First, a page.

The first known use of the term "trick or treat" was found in a November 1927 edition of Blackie, Alberta's Canada Herald: Hallowe’en provided an opportunity for real strenuous fun. No real damage was done except to the temper of some who had to hunt for wagon wheels, gates, wagons, barrels, etc., much of which decorated the front street. The youthful tormentors were at back door and front demanding edible plunder by the word “trick or treat” to which the inmates gladly responded and sent the robbers away rejoicing. "No real damage" from "youthful tormentors?" Sounds a lot like the early days of hacking. Unfortunately those days are long over. “It’s a business,” F-Secure's Chief Research Officer Mikko Hyppönen told Wired UK. “There’s a whole structure there that’s needed,” F-Secure's "Cyber Gandalf" Andy Patel told ITPRO. “An individual can’t just go in and do this now; it’s not a one man job… these are companies.” The cyber crime "industry" has raked in hundreds of millions and possibly even billions of dollars. And it does it, in general, by counting on people to make mistakes. “People do stupid stuff,” Mikko explained. “You cannot patch people.” The first step to avoiding a threat is knowing it exists. So this Halloween as you search for treats online, look out for these tricks. Ransomware F-Secure Labs has warned about malware that holds your digital files hostage to demand a ransom for most of the last decade. But it's in the last year that the threat has burst into the mainstream and become something you can't go a few weeks without hearing about it on the news. How do you avoid this trick? Keep your system software updated and run security software at all times. Make regular backups of every file that matters on your computer and never click on attachments and links in emails that you weren't expecting. Find My iPhone Scam This scam answers the question, "How can losing your iPhone get any worse?" People who use the "Find My iPhone" app have been targeted by criminals who've gotten ahold of their phones with a scam that allows the crooks to gain access to the device and -- possibly -- the owner's most intimate financial details. How do you avoid this? Check the URL before entering any confidential data. Or as Apple says, "You should never enter your Apple account information on any non-Apple website." Phishing Scams As cyber criminals have gone pro, they've gotten better at using old tactics that we thought had faded away -- like email attachments and phishing scams. Like the trick that gives crooks access to stolen iPhones, a phishing scam just tricks you into entering your private credentials into the wrong site. And it then uses those credentials to hack your email, financial accounts, etc. Checking URLs before entering data is crucial because with the explosion of photo editing software and skills, it's now easier than ever to make a fake site look real. Experts believe that one wrong click to a fake site led the chair of a major presidential campaign to expose his entire inbox to the world. Having someone else leak your password Millions and millions of passwords have been leaked in 2016, some from breaches of data that took place years ago. It might not sound scary that your Yahoo! password from 2005 is now public, except if you are still using that password today on a critical account. This is why you need to use strong, unique password for each important account. Yes, remembering all that is almost impossible. So consider using a tool like F-Secure's KEY to manage your passwords. KEY is free to use on one device. Haunted IoT devices As our homes are getting smarter by connecting almost everything to the internet, they're also getting haunted -- by cyber criminals. A botnet is a network of computers that have been hacked and "enslaved." Security expert Brian Krebs was recently hit by a monster attack on his site that he believes was powered by a botnet powered by "'Internet of Things,” (IoT) devices — routers, IP cameras and digital video recorders (DVRs) that are exposed to the Internet and protected with weak or hard-coded passwords." What can you do? So much of this problem requires manufacturers to improve their security. But you can help by keeping every device updated with the latest software from the manufacturer and always changing your default passwords. [Image by Daniel Lewis | Flickr]
When he was still working in cyber security for the Finnish government, Erka Koivunen met a NATO diplomat that there was "nothing new" about the era we now live in. Foreign envoys have always lived with the constant awareness that their private communications could be "leaked" for their enemies to exploit. "Anything that was written down could eventually be discovered," Erka, who is now an F-Secure Cyber Security Advisor, told me. "So the most sensitive conversations never took place in writing." Given the massive email leaks that have now hit the worlds of business, with the Sony hacks, and politics, with the leaks of U.S. political figures, is this how we should all start thinking? Does everyone alive in the twenty-first century have to operate like a NATO diplomat? Or a C-level executive who knows any word she types could be subpoenaed? Or the campaign chair of a presidential campaign? The answer, unfortunately, seems to be increasingly clear. "Whatever you write, you may need to defend your position in public," Erka said. Relying on an insecure medium The problems with email begin with the general insecurity of it as a means of communication. It's more like sending a postcard than sending a sealed letter, Erka explains. "As soon as the message goes out of your or your company’s systems, you lose control of it," Erka explained. "This is by far the biggest problem of the good-ole-email. Messages can be eavesdropped, altered, delayed, replayed or dropped altogether without you ever knowing." To actually spy on email as it's being transmitted generally requires legal access to telecommunications infrastructure or extraordinary technical knowhow and resources. Think law enforcement or intelligence agencies. Since these groups have a vested interest in cloaking their activities, they had little incentive to engage in the massive sort of leaking of gigabytes of private data we've seen from Wikileaks. However, we appear to be at the end of the era of "the gentleman's agreement" between countries, as cyber policy expert Mara Tam explained on a recent episode of the Risky.Biz podcast. This agreement went something like: "Gentlemen read each other's email, but they don't leak it to the public." The leaks from former CIA contractor Edward Snowden helped make the public aware of how much information the government potentially could access. But the exposure of a private individual's digital communication to the world presents a stark new reality for anyone who conducts business online. "Personal mailboxes store gigabytes’ worth of conversation history that will be a treasure trove for attackers for multiple reasons," Erka said. "There are sensitive discussions about business strategy, customers, competitors, products. There is also internal gossip, badmouthing and other damaging stuff." Activist Naomi Klein told The Intercept that "this sort of indiscriminate dump is precisely what Snowden was trying to protect us from." And we don't yet have a full sense of the potential ways this mass of data can be used against us. A competitor could use private information to tarnish someone’s reputation and hackers can mine the data to prepare for future cyber intrusions or to gain access to your other accounts through password resets. Letting the public decide what's private Leaks have already cost some executives their jobs and could swing the U.S. presidential election. But in a sense, we're all victims of this new risk to all of our privacy. "Whatever you write in an email you have to consider, are you ready for your boss, your spouse, your business partners to read it?" Erka asked. This new reality leads inevitably to the tragedy of self-censorship. Zeynep Tufekci -- a "techno-sociologist" -- has been doing a running commentary on the Wikileaks revelations and is very disturbed by what she's seeing. "People gossiping in internal conversation is not a scandal—but destroying public/private boundaries will paralyze dissent, not the powerful," she tweeted. Wikileaks is releasing more documents than it could ever sift through in the hopes that the newsworthy information will be discerned by interested researchers around the world. But along with potentially relevant items, intensely private information has been revealed. "For example, a suicide attempt was publicized through Podesta indiscriminate dump (Wikileaks tweeted it out)," she noted. "Who will want to be political?" This makes the loss of email seem dire, but perhaps it speaks to a not just a flaw in the medium's security but the medium itself. "The deeper problem with email is that it has never quite settled on a social mode," The New York Times Farhad Manjoo wrote. "An email can be as formal as a legal letter or as tossed off as drive-by insult. This invites confusion." What can you do? So, should you be like that NATO diplomat content to keep all of your deepest secrets out of writing? Can you expect yourself to remove all snark and potentially offensive thoughts from your emails? Should you assume that your email box is like a box of letters in your attic, vulnerable to anyone who can get access to it? These answers are ultimately up to you and how you use -- or don't use -- email. F-Secure security advisor Sean Sullivan has found that young people he's interviewed are increasingly abandoning email as communication tool. "They only have an account -- typically Gmail -- in order to sign up for stuff," he said. If this continues, email is on its way out, whether it's private or not. For now, lawyers, doctors and other professionals with explicit legal responsibilities, email has a much more defined role that cannot be easily abandoned or circumvented. As far as your work email goes, consult your IT staff for guidance as you may be under legal obligation to preserve your data. But for your personal email, Erka suggests you have to at least be aware of how likely you are to be a target and what you can do to contain any potential damage -- besides using a strong unique password for every email account you have and only entering your account information on the secure webpage of your email provider. If you are involved in international politics, for instance, there's no question. You are a target. Hackers are either after your emails or are trying to get access to powerful people in your contacts. If you're someone with no power, no tumultuous relationships and no interest in politics, you're likely not to be on anyone's radar... yet. The problem is no one knows where you'll be in a few years and our inboxes are big enough to last a lifetime. "When everyone is using cloud-based emails like Gmail, there's no need to save space," Erka said. "That's the whole selling point of those services: Never delete anything." If you see the potential for enough damage, you many want these recent leaks as an inspiration to launch a serious spring cleaning of your personal online inboxes, including email and social media. "You may want to delete the messages you don't need and sort the stuff you do want into folders that you take off the web and can store on a secure backup," Erka suggested. Yes, you will lose the convenience of being able to search your Gmail box through a simple interface, but so will potential hackers. He also recommends sharing documents through sharing platforms and cloud services such as Sharepoint, Salesforce or Dropbox. "These links can require separate authentication upon opening and the sender can control how long it will be valid," Erka said. "If the email gets stolen and leaked years later the chances are the link will be invalid by that time." For quick conversations, Sean suggests Wickr, which offers self-destructing messages through a mobile app or a desktop client with easy encryption, something that just doesn't exist for most email. "For professionals, Wickr has a paid service which will retain messages for a legal requirement, and will then securely delete them post-requirement," he said. Regardless of policy, employers have a vested interest in moving their staff away from an over-reliance on email for more than privacy reasons. "Actual phone calls and face-to-face discussions that get out of your chair are probably more useful than email or chat threats," Sean said. "So rather than swap from one to the other – just learn to better utilize what you work with best." These leaks offer a sobering reminder that email is not secure. But, perhaps, the more important message is that it as a means of communication, it was never very smart. [Image by Alan Levine |Flickr]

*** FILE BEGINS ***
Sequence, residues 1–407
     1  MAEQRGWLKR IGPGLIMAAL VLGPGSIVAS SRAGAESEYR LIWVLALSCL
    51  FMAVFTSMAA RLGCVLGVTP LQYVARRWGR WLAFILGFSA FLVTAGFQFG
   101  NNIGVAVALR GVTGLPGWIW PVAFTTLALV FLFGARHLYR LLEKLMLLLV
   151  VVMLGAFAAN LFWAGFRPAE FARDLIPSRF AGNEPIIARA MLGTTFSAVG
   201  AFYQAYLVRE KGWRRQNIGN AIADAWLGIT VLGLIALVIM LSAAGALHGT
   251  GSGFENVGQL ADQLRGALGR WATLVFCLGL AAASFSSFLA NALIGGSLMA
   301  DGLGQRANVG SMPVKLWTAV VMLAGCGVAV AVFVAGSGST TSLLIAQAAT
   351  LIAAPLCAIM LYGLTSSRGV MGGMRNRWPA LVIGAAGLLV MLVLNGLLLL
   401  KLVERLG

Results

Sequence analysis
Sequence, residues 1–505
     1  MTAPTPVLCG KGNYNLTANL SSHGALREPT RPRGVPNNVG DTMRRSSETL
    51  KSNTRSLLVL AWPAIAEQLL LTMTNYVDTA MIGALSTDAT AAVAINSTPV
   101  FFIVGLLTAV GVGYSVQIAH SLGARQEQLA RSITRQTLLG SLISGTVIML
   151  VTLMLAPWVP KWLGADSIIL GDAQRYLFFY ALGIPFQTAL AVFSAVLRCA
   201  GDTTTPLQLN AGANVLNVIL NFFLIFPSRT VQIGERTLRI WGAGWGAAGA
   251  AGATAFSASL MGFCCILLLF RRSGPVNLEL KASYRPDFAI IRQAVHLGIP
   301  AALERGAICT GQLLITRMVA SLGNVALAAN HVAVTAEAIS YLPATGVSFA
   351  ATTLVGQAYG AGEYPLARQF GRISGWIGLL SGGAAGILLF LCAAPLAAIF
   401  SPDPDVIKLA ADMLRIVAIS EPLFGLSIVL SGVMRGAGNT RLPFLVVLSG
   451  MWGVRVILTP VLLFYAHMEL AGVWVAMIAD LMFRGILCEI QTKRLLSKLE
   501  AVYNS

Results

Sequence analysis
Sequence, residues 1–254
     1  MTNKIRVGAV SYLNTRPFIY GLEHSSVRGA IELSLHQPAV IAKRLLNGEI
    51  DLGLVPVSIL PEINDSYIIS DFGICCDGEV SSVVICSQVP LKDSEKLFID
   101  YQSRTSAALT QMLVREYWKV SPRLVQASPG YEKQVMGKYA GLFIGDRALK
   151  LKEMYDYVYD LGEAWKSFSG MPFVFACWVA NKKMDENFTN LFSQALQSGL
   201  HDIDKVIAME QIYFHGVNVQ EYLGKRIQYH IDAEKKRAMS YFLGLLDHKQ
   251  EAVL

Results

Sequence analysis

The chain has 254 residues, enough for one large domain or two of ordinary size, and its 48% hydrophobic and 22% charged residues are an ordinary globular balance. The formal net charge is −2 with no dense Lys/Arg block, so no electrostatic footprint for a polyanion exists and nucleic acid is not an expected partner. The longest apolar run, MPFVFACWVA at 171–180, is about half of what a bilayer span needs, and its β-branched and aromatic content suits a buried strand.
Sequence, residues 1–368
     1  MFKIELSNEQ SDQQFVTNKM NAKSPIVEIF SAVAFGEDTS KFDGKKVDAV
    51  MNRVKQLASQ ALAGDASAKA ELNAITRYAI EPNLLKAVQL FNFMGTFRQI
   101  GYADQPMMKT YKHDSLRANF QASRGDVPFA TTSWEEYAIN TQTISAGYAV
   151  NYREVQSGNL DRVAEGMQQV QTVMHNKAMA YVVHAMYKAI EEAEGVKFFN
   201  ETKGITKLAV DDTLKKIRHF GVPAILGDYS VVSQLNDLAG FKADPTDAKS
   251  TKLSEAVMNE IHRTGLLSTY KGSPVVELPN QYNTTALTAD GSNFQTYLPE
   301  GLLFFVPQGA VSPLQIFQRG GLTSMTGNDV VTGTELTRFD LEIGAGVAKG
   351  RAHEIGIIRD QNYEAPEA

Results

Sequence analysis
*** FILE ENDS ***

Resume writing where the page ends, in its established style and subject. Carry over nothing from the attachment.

Cyber security is playing an starring role in the drama surrounding the question of who will be the next president of the United States. "The security aspect of cyber is very, very tough," Republican nominee for president Donald Trump said, when asked about securing American secrets from cyber attacks during the first debate. "And maybe it’s hardly do-able." Even the integrity of the election has been put into doubt by the threat of hacking -- which may be exactly the point. The questions about cyber intrusions into the electoral system and the wild speculations those intrusions provoke can be hard to put in perspective. So here are five basic premises to help you assess the situation as this historic election transpires. It would be almost impossible to hack the entire U.S. election. The biggest reason this U.S. presidential election is unhackable is that most of it doesn't depend on computers. More than three out of four Americans will vote on a paper ballot this November 8, Techcrunch's Ben Dickson reports. And the fact that all Americans don't vote in the same manner points to the biggest reason you probably couldn't hack the election. Each state has its own system, with some federal guidance. Nearly every state lacks sufficient funding to fully upgrade their systems, hence the reliance on outdated technology. So while voting machines are definitely vulnerable to hacking, hitting just the right ones in a systematic way that just happens to sway the electoral college vote in favor of one candidate would involve both a massive investment of time and money and an even larger serving of luck. But that doesn't mean an election can't be "hacked." “To ‘hack’ a US presidential election, all you need to do is to obviously tamper with one county’s system, then leak that the tampering occurred,” our security advisor Sean Sullivan told Dickson. “Many people will rush to assume that all of the other typical issues that occur may also be the result of hacking — and thus, you’ll end up delegitimizing all of the results.” A delegitimized election equals a delegitimized winner. You don't even have to hack an election to hack an election. The hacks of the Democratic National Committee and Hillary Clinton's campaign chair John Podesta could end up being far more consequential in swaying the election than hacking either voting processes or actual vote counts -- especially if the resulting leaks end up revealing something extraordinarily damaging to the candidate in the documents being dripped out by Wikileaks. “Owning an election is gold; being able to influence it is silver; knowing the outcome in advance is bronze,” F-Secure cyber security advisor Erka a Koivunen explained. It's pretty clear that someone is at least after the silver in this election. Someone has definitely poking around in the U.S. election system. The United States has been clear that it believes that Russia is trying to hack this election. This month U.S. officials have explicitly stated that the Russians are behind the hack of a contractor that works on the electoral system of the key swing state of Florida. Similar hacks were reported by the states of Arizona and Illinois. U.S. intelligence also believes Russia is behind the hack of Podesta's emails and a security firm believes it found evidence that the nation led by President Vladmir Putin was behind the hack of the DNC. Russian Foreign Minister Sergei Lavrov told CNN that the accusation that it was behind the Podesta hack "flattering." When pressed to confirm or deny his nation's involvement, Lavrov said, “No, we did not deny this, they did not prove it." Trump himself questioned whether the hack actually happened in the second debate and if he's concerned about Russian hacking, he doesn't seem to be showing it. At one point he even -- jokingly, he said later -- asked Russia to hack his opponent's missing emails. Election technology needs to improve quickly. It's safe to say that no matter who is hacking the U.S. elections, the U.S. is probably hacking them, too. The richest nation on Earth is just not engaging, as far as most people can tell, in the leaks that have followed the recent U.S. hacks. In this new era of cyber attacks backed by nation-states or "privateers" employed by nation-states the rules of cyber espionage are unclear and the fog is thick. No matter what happens in 2016, digital technology will play ever-increasing role in both campaigns and election, and the U.S. needs to take steps to ensure the integrity of its elections. Sullivan believes that the Department of Homeland Security should go through with its proposal to declare voting system critical infrastructure and then adapt its defenses to catch up with the threats. “Network monitoring is rapidly becoming a requirement,” he told Techcrunch's Dickson. And voting must be made to feel at least as secure as using your credit card to buy a coffee. “Smartcard technologies are available in several European countries for online identity authentication,” Sullivan said. “They aren’t widely used. If a country such as the United States were to get serious about rolling out such tech, it would be a game changer.” All of this focus on the security of election systems means that there are “more people checking stuff.” The question now is who is putting in more resources -- the attackers or the people doing the checking. [Image by Maryland GovPics | Flickr]